A co-founder of Upland Gun Company and the owner of Pineridge Grouse Camp in Minnesota, Jerry Havel has seen first-hand the rise in interest in pointing dogs and upland bird hunting over the last few years. For those new to the sport, Havel underscores the importance of basic obedience work before venturing into hunt-specific skill training. But once a pointing dog knows “come,” “sit,” and “stay,” it is time to introduce the “whoa” command. It’s a critical skill pointing dogs must have down cold: When the dog handler says “whoa”—no matter the situation—the pup needs to hit the brakes. Every time.
“‘Whoa’ is the foundation to start getting the dog to point,” Havel explains. “It harnesses the dog’s natural prey drive and channels it into a positive behavior for a hunting dog.” He starts the training at home, as he feeds a puppy. Havel’s wife will place a bowl of food at the end of a long hallway, and Havel will work the puppy on a lead, pulling the dog to a stop every time he says “whoa.”
The skill is a must-have whether the hunt is for wild or pen-raised birds. With both, a dog must learn to stop whenever it hits bird scent. But wild birds are less forgiving of a pointing dog that crowds them.“The number-one goal of a wild bird is to stay alive,” Havel says. “They will flush much more readily than pen-raised birds.” For a group of ten or fifteen wild bobwhites, the scent cone—that space where scent can be picked up by a dog—can sprawl out quite a bit. The birds are more active feeders than pen-raised birds and often move farther distances. A well-trained dog, Havel says, “might point a covey that’s actually thirty yards in front of the dog, and that’s an ideal situation.” The dog isn’t getting too close to the birds, giving hunters time to set up for the flush.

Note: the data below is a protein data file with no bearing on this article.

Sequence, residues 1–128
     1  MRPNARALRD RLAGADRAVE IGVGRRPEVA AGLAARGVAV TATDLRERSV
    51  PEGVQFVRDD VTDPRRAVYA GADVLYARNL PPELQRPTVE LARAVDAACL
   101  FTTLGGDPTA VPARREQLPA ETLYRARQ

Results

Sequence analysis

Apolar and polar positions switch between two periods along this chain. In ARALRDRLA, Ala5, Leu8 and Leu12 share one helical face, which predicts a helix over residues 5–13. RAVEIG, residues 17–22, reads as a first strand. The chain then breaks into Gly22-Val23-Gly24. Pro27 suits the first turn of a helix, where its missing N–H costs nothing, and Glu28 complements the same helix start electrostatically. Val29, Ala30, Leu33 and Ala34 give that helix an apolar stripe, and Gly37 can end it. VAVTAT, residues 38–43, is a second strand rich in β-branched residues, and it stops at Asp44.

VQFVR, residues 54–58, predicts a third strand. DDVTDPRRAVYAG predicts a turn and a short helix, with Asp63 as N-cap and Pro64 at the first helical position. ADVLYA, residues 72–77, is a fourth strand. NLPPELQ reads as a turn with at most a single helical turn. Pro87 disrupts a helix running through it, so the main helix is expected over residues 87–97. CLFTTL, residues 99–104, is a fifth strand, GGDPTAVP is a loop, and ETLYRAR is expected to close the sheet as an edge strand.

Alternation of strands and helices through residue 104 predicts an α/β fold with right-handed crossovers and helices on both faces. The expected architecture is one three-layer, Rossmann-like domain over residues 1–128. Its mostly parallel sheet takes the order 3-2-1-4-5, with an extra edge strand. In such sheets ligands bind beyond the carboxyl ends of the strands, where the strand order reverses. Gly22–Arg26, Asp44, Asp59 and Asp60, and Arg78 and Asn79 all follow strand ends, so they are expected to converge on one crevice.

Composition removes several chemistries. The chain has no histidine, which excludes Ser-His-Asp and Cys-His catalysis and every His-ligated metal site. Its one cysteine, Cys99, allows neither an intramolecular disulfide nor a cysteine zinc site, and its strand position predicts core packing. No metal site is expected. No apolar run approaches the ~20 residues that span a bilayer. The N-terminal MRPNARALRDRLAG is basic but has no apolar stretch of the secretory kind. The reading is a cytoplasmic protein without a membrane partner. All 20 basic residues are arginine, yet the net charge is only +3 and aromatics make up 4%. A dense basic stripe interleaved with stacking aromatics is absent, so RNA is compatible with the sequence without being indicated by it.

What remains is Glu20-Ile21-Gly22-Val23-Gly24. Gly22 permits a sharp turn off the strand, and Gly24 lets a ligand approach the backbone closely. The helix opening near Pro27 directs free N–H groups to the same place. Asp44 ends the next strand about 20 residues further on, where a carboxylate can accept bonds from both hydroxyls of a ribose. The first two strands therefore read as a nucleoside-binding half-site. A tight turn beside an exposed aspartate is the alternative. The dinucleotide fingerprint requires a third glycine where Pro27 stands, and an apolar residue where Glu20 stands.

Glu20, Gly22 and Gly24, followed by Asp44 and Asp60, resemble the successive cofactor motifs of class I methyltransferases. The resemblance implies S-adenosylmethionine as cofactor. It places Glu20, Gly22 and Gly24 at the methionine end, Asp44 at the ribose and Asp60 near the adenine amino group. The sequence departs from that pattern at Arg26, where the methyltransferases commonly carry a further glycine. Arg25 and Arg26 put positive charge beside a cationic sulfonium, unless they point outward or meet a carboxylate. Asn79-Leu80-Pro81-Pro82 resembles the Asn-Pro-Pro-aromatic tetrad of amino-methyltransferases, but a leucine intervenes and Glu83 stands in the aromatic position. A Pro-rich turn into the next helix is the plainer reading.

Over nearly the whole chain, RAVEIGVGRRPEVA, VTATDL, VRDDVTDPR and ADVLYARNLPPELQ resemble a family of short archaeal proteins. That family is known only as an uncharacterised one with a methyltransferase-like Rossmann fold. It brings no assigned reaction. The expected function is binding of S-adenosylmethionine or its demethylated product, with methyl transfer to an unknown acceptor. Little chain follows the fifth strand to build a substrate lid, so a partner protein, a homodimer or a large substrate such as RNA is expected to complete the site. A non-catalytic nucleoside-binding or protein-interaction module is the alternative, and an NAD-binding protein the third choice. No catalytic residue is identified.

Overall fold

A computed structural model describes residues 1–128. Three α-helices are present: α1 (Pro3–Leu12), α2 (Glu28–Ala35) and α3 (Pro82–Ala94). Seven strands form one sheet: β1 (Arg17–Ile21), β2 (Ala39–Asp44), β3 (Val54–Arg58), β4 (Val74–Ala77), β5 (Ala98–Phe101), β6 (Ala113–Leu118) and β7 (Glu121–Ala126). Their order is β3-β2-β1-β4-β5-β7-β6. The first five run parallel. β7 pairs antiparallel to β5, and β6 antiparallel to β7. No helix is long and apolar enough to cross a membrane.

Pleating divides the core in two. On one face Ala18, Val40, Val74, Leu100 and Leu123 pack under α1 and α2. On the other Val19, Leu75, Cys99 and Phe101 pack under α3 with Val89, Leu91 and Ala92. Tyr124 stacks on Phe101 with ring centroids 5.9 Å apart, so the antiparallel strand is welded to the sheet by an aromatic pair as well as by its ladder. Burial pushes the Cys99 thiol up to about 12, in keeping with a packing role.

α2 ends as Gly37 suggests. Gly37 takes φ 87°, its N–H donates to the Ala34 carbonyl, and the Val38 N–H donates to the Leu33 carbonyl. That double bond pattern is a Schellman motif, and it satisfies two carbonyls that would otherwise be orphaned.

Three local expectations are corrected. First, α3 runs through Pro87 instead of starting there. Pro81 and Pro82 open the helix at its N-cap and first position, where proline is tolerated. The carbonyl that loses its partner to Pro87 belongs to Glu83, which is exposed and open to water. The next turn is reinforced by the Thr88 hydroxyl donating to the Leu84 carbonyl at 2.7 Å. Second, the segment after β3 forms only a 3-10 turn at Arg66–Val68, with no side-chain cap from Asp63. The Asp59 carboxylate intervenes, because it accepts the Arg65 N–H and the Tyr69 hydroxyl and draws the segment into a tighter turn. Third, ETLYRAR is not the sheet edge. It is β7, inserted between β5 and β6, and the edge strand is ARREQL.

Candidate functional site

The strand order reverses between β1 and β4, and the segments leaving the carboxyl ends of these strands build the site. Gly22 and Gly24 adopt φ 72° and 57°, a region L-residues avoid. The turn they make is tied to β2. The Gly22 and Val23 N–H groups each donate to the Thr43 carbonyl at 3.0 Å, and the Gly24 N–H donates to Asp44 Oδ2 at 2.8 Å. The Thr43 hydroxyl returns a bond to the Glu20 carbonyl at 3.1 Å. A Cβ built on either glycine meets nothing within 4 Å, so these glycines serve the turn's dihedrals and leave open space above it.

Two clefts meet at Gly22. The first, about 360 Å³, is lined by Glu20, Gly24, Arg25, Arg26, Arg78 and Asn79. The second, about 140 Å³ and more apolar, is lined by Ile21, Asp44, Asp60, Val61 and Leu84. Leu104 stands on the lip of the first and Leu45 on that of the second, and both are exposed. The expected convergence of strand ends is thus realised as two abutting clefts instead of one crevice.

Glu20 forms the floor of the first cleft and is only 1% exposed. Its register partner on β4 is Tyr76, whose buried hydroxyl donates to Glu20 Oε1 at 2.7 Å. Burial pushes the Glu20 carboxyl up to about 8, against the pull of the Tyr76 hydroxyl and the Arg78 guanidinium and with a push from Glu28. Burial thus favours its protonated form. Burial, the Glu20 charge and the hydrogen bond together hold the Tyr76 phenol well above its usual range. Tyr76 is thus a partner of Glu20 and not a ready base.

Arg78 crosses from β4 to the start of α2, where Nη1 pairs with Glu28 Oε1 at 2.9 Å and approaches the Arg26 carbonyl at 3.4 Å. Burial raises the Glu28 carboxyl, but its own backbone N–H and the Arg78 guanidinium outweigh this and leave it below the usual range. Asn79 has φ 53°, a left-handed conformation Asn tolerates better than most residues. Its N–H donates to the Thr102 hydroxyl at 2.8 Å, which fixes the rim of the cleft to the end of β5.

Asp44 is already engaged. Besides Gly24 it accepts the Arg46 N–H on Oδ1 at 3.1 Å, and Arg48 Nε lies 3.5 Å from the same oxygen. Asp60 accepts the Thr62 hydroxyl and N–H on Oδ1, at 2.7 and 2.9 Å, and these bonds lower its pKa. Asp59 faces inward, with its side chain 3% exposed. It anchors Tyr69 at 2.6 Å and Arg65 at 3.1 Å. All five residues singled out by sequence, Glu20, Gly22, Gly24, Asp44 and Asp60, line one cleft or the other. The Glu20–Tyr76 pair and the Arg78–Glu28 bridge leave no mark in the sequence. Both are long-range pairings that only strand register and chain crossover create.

For a pointing dog hunting pen-raised birds, sometimes the challenge isn’t the dog crowding the covey and forcing a flush away from the hunters, but a bird dog that gets so close to its quarry that safety becomes an issue. Pen-raised birds that aren’t “flight conditioned” and used to taking to wing will be slower to escape a dog that breaks and tries to catch its quarry. “With pen-raised birds you can get individuals that are really low fliers,” Havel says. Early in the morning, if they are wet from dew, these birds will often run before they fly. “Having a dog that’s steady to both wing and shot is even more important when you’re hunting for pen-raised birds,” Havel says. “Everybody gets excited on that flush and rise, but we all can afford chicken. There’s no reason to get a dog shot by being excited about the flush.”
And with a growing interest among upland hunters in the use of flushing dogs such as English cockers, more complexity is added to the mix. Now the pointing dog must remain steady while a flushing dog races around in front, attempting to fine-tune the location of the birds and drive them to flight. Training a dog to have a rock-steady obedience to “whoa”—and stay steady to the rise—becomes even more critical when a pointing dog has to honor a companion who gets the fun of flushing the birds.
This story is part of a series of articles on sporting dog training tips from Eukanuba Pro Trainers. See the series here:
>> Advice for a Young Dog’s First Dove Hunt
>> Introducing a Bird Dog to Noises and Water
>> Retriever Training at the Clays Course
>> The Importance of “Whoa” for Bird Dogs